A black woman has been attacked and told to “get off the bus” on public mass-transit in Rome on Monday, as fellow travellers accused her of having Ebola and began to beat her.
The woman, a 26 year-old Guinean was travelling at lunch-time when a family group of fellow passengers attacked her. TheLocal.it reports a teenager accused Fataomata Sompare of being infected, at which point the other members of the teenager’s family began beating her. She said: “They told me that I had Ebola and that I had to get off the bus”.
She was chased off the bus, but a group of people waiting at a bus-stop intervened and the police were called. She was later admitted to hospital for bruising.
It is not known whether Sompare was showing any signs of Ebola infection at the time of the attack, which may include tremors, vomiting, and bleeding from the eyes, but her partner insisted the violence was purely racially motivated. He said she was attacked “only because she’s black”, and that “[She is] a victim of racism which is now rampant in this city”.
Since its initial outbreak in March of this year, the Ebola virus has killed over 4,500 and infected nearly 10,000 in West African nations Sierra Leone, Liberia, and Sompare’s home country Guinea. This event has distinguished itself from previous outbreaks going back to 1976 when it was first detected, in killing more people more quickly than ever before.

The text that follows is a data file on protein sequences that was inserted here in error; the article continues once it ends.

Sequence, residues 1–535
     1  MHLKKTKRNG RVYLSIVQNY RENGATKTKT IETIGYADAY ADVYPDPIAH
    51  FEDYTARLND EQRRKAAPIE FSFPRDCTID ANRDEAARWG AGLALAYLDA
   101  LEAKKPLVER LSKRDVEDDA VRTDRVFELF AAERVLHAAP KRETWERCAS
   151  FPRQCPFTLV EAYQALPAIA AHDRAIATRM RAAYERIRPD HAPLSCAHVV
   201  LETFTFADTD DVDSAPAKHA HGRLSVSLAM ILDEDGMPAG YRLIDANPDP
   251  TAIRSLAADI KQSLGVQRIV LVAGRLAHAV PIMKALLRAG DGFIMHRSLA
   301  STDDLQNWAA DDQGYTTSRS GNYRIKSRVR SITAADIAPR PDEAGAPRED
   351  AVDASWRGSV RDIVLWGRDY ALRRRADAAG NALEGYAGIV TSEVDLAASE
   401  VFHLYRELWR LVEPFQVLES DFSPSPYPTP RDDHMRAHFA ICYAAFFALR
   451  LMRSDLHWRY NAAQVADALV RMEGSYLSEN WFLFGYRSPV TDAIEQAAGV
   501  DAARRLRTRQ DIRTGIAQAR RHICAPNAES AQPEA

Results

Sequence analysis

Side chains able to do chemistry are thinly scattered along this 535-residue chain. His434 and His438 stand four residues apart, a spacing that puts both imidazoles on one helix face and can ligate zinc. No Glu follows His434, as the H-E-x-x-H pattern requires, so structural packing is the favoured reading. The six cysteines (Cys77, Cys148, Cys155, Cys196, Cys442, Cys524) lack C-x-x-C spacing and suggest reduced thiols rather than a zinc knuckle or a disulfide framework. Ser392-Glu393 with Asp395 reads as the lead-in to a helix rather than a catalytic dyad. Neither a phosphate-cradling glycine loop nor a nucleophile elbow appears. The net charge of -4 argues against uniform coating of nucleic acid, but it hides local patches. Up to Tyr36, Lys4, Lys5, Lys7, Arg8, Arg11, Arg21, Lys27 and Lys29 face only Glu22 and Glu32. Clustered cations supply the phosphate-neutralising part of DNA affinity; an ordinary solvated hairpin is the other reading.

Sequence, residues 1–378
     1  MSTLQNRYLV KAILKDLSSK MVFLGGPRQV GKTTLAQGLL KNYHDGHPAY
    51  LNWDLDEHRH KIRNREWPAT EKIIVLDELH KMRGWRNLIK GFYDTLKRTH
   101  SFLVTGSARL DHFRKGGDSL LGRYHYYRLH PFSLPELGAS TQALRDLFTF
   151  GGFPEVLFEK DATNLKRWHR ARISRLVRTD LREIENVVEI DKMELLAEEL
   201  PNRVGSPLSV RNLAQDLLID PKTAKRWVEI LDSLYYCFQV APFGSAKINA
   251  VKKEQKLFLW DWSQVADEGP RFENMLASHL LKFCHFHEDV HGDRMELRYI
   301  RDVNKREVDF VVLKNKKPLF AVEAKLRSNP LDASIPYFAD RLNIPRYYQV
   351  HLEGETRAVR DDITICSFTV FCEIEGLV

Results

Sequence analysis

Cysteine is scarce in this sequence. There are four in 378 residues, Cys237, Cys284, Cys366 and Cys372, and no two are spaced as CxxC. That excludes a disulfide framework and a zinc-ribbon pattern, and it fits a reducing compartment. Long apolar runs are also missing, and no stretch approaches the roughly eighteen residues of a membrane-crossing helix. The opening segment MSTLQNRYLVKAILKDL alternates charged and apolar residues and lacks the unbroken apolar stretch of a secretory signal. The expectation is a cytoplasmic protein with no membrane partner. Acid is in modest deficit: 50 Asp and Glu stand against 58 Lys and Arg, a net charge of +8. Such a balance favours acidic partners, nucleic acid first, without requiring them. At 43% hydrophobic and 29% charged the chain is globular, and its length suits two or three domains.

It is this unusual speed with which the virus has spread that has concerned many Western governments, some of whom have deployed significant forces of military personnel, medics and equipment, and pledged large amounts of money to affected nations. The aid package presently being negotiated by the European Union to help combat the virus could amount to one billion Euros, and is being largely funded by the United Kingdom and Germany.
The latest estimates by the World Health Organisation paint a bleak picture for West Africa, which may see the virus spread over borders to near neighbours and distant nations amid the possible 10,000 new cases a week expected by Christmas.